H.G. Wells was quite frank about the fact that when writing he was more interested in the broader "scene" than in the figures within it, and in a "ventilation of the issue" at hand than Flaubertian technical niceties--in the wide world, and considerations of it, than the "turns and tricks" of character and form.
That he worked in this way as a writer got him attacked by, among others, Henry James (in "The New Novel"), by Virginia Woolf (in "Mr. Bennett and Mrs. Brown"), by that key figure in the development of the "New Criticism" and wrecker of quite a few literary reputations, Mark Schorer (in his essay, "Technique as Discovery"), all of whom had quite different ideas about just what makes literature worthwhile.1
By and large, those who wish to appear reputable stand with James, Woolf and Schorer, on this and many another point, with the result that Wells is far less reputable than he used to be. Still, it seems to me that it was those writers most attentive to scene and issue who were the first to make strong impressions on me as a reader, and have continued to make the strongest impressions--be they nineteenth century Balzacs and Tolstoys, twentieth century Lewises, or writers in that scene-and-issue-oriented genre to which Wells contributed so much, science fiction (even after I have become more appreciative of the view of James and company). And much as Wells may have failed to win the critics over to his way of thinking, I can think of no other who has made as strong and clear a case as Wells did for it in "The Digression on Novels" in his Experiment in Autobiography.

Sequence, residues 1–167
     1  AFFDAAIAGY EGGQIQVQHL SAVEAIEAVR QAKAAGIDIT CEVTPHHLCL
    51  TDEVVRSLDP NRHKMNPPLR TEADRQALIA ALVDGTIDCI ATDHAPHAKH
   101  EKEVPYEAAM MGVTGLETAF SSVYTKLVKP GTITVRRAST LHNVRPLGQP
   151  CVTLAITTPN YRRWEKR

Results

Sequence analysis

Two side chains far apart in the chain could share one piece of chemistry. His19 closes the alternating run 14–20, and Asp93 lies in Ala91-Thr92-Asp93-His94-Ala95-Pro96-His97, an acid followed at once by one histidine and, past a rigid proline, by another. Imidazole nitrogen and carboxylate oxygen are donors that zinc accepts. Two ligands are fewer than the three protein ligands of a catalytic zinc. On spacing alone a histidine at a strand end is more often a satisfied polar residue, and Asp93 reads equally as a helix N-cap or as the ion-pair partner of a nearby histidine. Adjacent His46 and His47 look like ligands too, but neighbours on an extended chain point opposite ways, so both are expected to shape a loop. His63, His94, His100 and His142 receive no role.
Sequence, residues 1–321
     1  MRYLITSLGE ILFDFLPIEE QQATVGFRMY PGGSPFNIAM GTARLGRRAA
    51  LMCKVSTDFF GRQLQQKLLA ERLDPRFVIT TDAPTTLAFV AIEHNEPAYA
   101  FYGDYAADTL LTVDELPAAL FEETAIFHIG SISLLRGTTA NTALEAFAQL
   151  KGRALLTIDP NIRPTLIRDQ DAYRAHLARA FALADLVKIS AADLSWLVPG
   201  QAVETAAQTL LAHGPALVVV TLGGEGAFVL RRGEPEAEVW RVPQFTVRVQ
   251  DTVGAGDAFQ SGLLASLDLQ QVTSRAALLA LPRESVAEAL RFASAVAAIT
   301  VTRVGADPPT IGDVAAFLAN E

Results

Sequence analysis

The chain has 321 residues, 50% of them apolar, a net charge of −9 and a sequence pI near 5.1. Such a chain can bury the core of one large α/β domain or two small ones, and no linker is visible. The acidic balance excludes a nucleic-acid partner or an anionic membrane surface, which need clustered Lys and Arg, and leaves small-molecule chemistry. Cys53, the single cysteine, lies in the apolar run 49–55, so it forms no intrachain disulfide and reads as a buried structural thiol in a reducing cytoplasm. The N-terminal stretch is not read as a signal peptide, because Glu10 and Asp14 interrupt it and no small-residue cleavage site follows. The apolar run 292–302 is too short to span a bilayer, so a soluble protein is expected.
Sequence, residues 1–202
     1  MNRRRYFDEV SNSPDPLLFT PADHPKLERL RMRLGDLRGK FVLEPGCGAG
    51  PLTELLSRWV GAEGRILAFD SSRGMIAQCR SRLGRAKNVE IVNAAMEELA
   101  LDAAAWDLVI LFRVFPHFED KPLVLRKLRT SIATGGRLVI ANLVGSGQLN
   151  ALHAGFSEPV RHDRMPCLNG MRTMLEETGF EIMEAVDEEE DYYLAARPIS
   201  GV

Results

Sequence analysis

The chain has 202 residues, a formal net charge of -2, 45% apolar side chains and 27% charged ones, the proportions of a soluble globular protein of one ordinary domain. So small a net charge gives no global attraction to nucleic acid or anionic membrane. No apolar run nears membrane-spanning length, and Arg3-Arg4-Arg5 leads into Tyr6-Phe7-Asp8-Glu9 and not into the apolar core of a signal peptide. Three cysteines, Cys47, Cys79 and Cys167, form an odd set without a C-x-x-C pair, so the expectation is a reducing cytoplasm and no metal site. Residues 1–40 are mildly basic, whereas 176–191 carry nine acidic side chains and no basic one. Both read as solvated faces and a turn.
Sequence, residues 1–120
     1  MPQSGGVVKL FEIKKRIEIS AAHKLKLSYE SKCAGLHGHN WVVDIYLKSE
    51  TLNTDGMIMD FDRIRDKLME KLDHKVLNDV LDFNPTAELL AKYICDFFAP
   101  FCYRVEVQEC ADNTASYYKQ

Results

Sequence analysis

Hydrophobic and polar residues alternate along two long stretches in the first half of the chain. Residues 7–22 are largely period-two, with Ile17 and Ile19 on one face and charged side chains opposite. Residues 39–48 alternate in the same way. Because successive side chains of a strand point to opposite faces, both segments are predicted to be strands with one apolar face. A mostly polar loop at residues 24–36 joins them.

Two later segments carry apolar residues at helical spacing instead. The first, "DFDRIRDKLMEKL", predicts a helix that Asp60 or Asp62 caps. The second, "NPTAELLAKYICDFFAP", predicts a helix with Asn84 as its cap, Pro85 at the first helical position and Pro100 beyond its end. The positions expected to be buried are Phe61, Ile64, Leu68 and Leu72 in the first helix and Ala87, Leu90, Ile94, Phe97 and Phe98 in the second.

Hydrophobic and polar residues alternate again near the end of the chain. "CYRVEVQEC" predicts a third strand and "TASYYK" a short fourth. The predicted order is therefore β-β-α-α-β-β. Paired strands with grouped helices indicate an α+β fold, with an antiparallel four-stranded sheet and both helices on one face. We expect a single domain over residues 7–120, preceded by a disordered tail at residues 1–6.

1. Besides Wells, he did a good deal of damage to the standing of Sinclair Lewis with a notoriously unflattering biography.
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